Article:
Vision Zero Blind Spot: ‘Georgia’ Driver Who Killed Man on Flatbush is a Serial Speeder

Luis Garcia was hit and killed by a driver on Flatbush Avenue. It turns out, the driver has a long record of speeding. Photo: Courtesy of Carmen Torres
Luis Garcia was hit and killed by a driver on Flatbush Avenue. It turns out, the driver has a long record of speeding. Photo: Courtesy of Carmen Torres

The South will guise again.

The driver who hit and killed a Brooklyn man a month ago on Flatbush Avenue is likely a scam artist who registered his 2002 Dodge Stratus in the lax state of Georgia even though he is clearly a New York driver with a record that includes four serious moving violations and two parking tickets — all in Brooklyn — over the last five years.

But does the NYPD even care?

One of those moving violations was a speeding ticket issued by a camera at Flatlands Avenue at E. 58th Street less than one month before the driver, Richard Holland, killed pedestrian Luis Garcia in the early morning Sept. 24 crash.

Police did not charge Holland and instead blamed Garcia, saying he “attempted to cross Flatbush Avenue, at the Fourth Avenue intersection, from east to west against the pedestrian signal,” according to the official preliminary statement by the NYPD. That assertion — according to the actual crash report obtained by Streetsblog — was based on the testimony of just one witness: Richard Holland, who carries a Georgia driver’s license and whose car is registered in the Peachtree State, but whose driving record indicates he is a Brooklynite. (A spokeswoman for the Georgia Department of Driver Services said Georgia driver’s licenses have to be renewed every eight years, but can be done online in most cases. Registering a car in a low-insurance-rate state is a widely known scam in New York.)

The death of Luis Garcia is a clear reminder that initial NYPD investigations — and their subsequent reporting to the media — can be sloppy and insufficient.

If police officer Qamar Zaman of the 84th Precinct and his supervisor, Sgt. John Tripodi, had done even a cursory check of Holland’s record, they would have seen the following infractions — all in Brooklyn — being racked up by a guy who claims to live in Covington, Ga.:

  • A parking ticket in Flatbush on July 3, 2014.
  • A parking ticket in Flatbush on March 6, 2015.
  • A speeding ticket in Starrett City on April 20, 2017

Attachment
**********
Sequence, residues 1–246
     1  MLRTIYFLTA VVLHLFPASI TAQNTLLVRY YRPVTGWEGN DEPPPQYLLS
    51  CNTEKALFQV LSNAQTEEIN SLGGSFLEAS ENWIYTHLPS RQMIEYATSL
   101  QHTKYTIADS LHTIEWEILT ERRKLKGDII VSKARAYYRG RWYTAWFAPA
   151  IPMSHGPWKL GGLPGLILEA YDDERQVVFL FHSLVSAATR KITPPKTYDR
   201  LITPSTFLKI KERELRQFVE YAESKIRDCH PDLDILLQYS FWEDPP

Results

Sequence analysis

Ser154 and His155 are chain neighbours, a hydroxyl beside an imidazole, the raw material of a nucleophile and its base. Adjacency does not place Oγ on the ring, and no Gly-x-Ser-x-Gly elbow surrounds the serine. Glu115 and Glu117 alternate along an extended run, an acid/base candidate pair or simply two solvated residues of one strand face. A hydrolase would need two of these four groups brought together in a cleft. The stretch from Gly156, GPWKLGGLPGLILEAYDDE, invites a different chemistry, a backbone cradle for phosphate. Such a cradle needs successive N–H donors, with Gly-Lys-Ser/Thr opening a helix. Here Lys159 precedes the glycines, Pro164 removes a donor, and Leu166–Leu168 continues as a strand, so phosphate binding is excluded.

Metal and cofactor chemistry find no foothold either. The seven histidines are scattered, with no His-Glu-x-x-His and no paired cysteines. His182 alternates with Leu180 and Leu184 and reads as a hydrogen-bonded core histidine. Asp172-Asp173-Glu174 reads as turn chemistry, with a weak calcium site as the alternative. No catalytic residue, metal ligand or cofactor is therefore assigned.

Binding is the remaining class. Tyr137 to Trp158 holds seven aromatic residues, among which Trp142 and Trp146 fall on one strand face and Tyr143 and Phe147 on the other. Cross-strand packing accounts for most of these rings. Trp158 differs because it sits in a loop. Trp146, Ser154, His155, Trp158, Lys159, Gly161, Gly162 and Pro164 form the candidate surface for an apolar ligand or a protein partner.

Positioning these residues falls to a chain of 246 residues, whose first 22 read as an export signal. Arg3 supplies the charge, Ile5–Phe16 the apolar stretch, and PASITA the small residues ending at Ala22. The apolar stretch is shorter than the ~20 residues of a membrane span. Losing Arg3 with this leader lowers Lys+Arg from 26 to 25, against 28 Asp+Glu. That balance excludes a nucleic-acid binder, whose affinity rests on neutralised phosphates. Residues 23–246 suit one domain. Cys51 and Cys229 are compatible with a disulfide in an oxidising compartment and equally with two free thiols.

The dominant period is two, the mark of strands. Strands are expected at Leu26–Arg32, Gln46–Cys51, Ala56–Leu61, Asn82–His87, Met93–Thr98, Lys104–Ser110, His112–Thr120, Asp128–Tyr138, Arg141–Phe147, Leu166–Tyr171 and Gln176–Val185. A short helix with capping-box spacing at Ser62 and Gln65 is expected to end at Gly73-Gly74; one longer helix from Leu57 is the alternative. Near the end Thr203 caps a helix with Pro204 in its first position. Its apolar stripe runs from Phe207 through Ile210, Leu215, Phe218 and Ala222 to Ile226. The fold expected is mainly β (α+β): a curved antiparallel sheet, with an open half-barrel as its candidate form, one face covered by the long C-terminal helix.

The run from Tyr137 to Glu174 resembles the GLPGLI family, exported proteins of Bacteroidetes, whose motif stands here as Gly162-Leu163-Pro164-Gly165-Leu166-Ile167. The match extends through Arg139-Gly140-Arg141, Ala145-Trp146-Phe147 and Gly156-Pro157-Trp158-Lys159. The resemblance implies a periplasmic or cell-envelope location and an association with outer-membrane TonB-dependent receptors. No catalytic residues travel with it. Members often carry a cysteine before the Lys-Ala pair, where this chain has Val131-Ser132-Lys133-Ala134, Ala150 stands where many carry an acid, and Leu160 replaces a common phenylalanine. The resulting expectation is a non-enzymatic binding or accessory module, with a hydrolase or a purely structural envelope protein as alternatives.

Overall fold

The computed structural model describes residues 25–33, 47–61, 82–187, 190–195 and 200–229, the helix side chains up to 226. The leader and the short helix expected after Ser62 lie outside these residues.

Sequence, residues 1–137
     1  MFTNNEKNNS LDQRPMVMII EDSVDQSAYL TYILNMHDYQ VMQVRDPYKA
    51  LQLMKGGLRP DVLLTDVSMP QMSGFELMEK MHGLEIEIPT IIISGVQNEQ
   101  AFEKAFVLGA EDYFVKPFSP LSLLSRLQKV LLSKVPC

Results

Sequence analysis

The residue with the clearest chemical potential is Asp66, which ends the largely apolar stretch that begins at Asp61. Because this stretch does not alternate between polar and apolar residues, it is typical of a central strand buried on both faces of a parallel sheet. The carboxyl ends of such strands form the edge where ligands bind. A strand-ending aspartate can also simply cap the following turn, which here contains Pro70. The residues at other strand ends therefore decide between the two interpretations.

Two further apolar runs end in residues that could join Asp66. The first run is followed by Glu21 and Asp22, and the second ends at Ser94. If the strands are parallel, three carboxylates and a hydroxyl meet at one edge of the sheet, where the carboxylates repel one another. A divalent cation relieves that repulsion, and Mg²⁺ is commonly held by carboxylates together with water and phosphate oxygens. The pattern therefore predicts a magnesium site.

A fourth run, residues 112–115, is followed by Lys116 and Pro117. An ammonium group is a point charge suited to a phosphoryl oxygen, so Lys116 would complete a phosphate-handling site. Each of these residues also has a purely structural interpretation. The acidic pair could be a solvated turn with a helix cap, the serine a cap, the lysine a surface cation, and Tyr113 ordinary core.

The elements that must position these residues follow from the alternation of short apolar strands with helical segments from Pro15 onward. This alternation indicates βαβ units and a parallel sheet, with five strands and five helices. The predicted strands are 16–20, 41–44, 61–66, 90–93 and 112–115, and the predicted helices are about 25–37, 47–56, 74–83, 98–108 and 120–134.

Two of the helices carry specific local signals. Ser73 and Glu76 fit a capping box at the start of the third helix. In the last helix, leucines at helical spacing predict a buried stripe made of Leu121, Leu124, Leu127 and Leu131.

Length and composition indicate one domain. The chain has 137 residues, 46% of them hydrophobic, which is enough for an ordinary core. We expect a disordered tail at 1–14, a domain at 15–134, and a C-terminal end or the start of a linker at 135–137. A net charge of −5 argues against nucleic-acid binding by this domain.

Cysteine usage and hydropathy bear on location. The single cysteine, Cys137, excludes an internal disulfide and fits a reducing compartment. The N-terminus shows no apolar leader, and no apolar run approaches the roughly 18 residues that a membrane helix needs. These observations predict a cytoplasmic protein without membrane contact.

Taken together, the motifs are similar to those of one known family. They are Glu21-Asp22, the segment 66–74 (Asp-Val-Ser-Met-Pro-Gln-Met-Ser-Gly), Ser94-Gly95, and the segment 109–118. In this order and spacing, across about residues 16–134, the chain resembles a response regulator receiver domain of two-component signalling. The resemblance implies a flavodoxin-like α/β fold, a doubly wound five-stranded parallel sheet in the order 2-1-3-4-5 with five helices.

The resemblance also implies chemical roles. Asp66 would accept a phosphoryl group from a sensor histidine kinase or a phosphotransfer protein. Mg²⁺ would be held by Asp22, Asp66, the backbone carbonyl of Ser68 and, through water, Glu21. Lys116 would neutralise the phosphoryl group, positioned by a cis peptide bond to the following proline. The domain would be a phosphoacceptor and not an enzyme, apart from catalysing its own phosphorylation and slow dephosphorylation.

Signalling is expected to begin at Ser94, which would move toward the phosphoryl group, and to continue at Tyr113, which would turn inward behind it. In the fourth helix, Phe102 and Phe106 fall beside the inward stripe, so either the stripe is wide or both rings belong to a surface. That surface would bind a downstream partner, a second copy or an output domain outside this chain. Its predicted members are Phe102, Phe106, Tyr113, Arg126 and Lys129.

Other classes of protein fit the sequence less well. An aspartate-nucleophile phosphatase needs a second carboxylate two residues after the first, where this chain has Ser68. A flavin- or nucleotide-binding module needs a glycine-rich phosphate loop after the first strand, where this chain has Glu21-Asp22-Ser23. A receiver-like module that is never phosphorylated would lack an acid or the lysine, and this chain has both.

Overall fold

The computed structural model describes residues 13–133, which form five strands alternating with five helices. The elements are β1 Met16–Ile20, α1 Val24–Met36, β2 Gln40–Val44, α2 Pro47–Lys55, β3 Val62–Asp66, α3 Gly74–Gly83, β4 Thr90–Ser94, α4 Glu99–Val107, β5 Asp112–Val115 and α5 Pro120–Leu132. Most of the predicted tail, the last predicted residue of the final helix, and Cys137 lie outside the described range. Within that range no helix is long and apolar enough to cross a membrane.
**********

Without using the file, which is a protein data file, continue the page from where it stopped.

• A speeding ticket in Prospect Heights on March 26, 2019.
  • A red light ticket in Brownsville on July 15, 2019.
  • A speeding ticket in Canarsie on Aug. 29, 2019.

(Reminder: New York speed cameras only issue tickets when a driver exceeds the speed limit by at least 11 miles per hour.)

Richard Holland's car is registered in Georgia, but he is clearly a Brooklynite. Photo: Howsmydrivingny
Richard Holland’s car is registered in Georgia, but he is clearly a Brooklynite. Photo: Howsmydrivingny

The last two speeding tickets were just weeks before Holland slammed into Garcia, killing him. The police report does not even raise the possibility that Holland was speeding. (A photo of the smashed-up car, published by the NY Post, suggests he was).

Obviously, Holland’s past record as a speeder does not mean he was exceeding the 25 miles per hour limit before he hit Garcia just after midnight on Sept. 24. But it is not clear if the responding officers even took Holland’s recidivism into account when questioning him about the crash. And they certainly did not indicate on the official police report such important information as how far Garcia’s body traveled from the point of impact, or whether Holland was distracted by music or his phone.

I’ve asked the NYPD for more information about the crash, specifically:

  • Did the NYPD run the plates on Holland’s car at the time of the initial response to the crash?
  • Two of the speeding tickets and the red light ticket were all issued this year. One of the speeding tickets was issued on Aug. 29, 2019, less than a month before Holland killed the pedestrian. Should an officer seeing that information be more suspicious about the version of events being related to him or her by the driver?
  • The police report for this incident — MV-2019-084-002172 (which I have seen) — does not indicate that any witnesses besides the driver were interviewed in the initial investigation. Is that true?
  • Is the investigation ongoing or has some conclusion been reached?

I won’t hold my breath for a response — but I will tighten my lungs every time I walk or bike on a Brooklyn street, where I will likely be sharing space with the reckless “Georgia” resident Richard Holland.

Gersh Kuntzman is editor of Streetsblog. When he gets really angry, he writes the “Cycle of Rage” column. Prior posts are archived here.

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